Results

Among 15,631 patients aged older than 40 years who underwent spirometry tests, 3,733 patients were excluded because they were diagnosed with asthma or bronchiectasis by physicians or displayed a restrictive abnormality on spirometry. The remaining 11,898 subjects were classified into patients with AL (AL patients; n=2,309) and without AL (non-AL patients; n=9,589) and were included in the present study. The patient characteristics of AL and non-AL patients, including medical history, are described in Table 1. In non-AL patients, mean age was 55.34 years, and 56.5% were female. AL patients were older and less likely to be female than non-AL patients; mean age was 69.06 years, and 32.9% were female. AL patients had a greater smoking history (pack-years) and lower BMI than non-AL patients.

Table 1 Characteristics of patients with and without AL
Note: Data are numbers of individuals (%) unless otherwise stated.
Abbreviations: AL, airflow limitation; SD, standard deviation; BMI, body mass index; TIA, transient cerebral ischemic attack.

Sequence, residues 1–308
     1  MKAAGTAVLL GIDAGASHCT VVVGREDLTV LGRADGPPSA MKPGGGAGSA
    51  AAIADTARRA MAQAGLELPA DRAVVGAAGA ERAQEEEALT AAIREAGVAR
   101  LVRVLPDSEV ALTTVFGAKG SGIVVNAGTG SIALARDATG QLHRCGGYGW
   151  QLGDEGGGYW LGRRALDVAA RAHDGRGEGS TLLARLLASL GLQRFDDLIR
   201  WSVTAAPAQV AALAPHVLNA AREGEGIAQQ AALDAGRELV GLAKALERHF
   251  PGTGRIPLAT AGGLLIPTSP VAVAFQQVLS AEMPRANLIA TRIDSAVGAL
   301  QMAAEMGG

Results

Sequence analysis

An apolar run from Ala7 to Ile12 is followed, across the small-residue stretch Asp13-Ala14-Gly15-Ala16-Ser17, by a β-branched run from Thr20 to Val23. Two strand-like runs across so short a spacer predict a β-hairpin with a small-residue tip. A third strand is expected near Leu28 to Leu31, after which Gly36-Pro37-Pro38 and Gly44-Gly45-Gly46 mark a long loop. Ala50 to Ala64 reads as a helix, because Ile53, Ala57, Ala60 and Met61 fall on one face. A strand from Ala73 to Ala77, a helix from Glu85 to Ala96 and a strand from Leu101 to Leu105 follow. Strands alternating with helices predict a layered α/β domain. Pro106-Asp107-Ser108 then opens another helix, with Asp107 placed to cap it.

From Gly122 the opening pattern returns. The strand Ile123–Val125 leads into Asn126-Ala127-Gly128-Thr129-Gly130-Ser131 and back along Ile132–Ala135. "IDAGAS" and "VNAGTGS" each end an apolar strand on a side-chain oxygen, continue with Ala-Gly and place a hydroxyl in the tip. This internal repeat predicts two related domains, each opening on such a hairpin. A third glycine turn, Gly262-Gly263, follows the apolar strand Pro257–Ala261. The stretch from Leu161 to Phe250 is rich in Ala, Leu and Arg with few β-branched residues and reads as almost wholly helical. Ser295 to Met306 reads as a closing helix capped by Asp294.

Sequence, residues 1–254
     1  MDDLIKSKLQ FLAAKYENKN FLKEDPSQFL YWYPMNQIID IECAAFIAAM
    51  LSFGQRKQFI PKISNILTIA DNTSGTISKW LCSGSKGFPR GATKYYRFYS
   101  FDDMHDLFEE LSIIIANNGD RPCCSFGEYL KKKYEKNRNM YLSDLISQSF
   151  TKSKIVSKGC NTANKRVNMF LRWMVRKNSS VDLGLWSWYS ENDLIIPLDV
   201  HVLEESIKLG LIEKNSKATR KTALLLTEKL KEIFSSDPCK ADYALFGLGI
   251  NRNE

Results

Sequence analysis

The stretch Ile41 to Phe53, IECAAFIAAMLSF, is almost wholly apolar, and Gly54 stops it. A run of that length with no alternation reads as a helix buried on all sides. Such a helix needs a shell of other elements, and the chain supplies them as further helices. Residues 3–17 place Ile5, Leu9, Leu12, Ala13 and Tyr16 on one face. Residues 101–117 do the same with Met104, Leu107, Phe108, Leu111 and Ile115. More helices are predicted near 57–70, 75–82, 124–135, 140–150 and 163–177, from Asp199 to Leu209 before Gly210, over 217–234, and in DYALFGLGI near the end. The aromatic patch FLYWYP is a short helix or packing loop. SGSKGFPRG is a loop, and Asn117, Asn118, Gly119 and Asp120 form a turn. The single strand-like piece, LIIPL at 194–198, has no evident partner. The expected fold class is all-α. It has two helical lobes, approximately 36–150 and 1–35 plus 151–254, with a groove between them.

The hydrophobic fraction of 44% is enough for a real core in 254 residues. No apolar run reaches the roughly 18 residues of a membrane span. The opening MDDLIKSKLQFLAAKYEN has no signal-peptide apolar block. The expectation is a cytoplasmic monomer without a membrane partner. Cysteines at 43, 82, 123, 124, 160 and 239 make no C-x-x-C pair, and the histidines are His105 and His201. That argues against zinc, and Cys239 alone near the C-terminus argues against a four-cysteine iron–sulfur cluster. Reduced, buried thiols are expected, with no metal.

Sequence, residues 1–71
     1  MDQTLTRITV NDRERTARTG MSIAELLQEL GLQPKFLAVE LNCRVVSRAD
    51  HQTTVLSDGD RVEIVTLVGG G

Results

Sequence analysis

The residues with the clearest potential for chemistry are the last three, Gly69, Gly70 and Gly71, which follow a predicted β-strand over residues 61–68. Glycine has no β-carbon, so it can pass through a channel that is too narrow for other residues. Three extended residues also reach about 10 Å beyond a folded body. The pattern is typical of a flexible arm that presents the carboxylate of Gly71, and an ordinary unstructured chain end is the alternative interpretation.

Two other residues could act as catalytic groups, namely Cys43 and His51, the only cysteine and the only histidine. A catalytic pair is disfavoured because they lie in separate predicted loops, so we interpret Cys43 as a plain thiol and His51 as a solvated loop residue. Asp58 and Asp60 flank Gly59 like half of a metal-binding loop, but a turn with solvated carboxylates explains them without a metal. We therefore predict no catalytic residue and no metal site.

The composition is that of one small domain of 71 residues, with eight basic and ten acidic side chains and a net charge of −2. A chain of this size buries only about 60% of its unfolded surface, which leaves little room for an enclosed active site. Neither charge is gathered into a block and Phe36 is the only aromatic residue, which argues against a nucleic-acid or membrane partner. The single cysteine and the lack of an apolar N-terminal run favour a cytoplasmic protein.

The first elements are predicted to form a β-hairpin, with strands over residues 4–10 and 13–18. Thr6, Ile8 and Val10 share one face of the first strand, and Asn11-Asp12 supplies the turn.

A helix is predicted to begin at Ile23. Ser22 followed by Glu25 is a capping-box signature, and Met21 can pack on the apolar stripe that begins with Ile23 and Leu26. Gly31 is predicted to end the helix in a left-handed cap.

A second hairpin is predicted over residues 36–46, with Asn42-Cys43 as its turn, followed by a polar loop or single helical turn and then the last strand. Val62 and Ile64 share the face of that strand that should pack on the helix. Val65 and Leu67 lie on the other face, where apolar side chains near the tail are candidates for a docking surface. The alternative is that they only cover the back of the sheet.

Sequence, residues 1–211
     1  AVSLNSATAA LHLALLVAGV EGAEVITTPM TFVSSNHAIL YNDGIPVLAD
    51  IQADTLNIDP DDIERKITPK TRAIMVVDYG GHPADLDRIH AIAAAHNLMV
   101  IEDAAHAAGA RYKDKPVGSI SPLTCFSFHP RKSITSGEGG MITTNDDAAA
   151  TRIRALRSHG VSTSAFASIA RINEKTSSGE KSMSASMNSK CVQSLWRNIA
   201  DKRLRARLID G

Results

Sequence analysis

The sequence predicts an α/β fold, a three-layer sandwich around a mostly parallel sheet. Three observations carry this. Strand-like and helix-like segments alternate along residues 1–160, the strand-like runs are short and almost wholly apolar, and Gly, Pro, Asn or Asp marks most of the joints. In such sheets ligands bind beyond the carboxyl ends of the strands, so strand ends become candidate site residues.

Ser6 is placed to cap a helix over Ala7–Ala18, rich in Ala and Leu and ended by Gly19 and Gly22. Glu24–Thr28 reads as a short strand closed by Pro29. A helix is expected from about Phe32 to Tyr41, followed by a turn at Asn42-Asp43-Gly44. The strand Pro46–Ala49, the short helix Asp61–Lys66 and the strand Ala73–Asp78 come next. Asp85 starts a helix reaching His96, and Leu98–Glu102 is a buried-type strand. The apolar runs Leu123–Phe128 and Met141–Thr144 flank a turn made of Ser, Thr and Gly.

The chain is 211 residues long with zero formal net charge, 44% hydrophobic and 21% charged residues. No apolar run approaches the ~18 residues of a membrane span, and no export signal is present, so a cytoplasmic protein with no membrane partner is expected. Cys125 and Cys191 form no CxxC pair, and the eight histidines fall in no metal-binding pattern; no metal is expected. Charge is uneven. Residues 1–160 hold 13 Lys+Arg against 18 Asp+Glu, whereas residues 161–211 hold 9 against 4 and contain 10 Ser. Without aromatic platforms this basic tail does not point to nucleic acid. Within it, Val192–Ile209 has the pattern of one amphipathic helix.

Table 2 shows the association between the presence of AL and medical history, which was significant. In multivariate analysis, which included age, sex, BMI and smoking history in the model, female sex (OR: 0.59; 95% CI: 0.52–0.67), age (OR for 10-year age increase: 1.99; 95% CI: 1.90–2.09), BMI (OR for 1 kg/m2 increase: 0.96; 95% CI: 0.95–0.98) and smoking history (<15 vs 15–24, 25–49 and ≥50 pack-years; OR: 1.78, 2.6 and 3.69, respectively; 95% CI: 1.46–2.17, 2.24–3.0 and 3.15–4.33, respectively) were significantly associated with the presence of AL. After adjustment for age, sex, BMI and smoking history, a history of tuberculosis (OR: 1.72; 95% CI: 1.39–2.11), primary lung cancer (OR: 1.50; 95% CI: 1.28–1.77), myocardial infarction (OR: 1.22; 95% CI: 1.01–1.48) or other heart disease (OR: 1.36; 95% CI: 1.18–1.56) was associated with the presence of AL. There was no significant association between all other medical history and AL. We have included non-significant data in Table S1.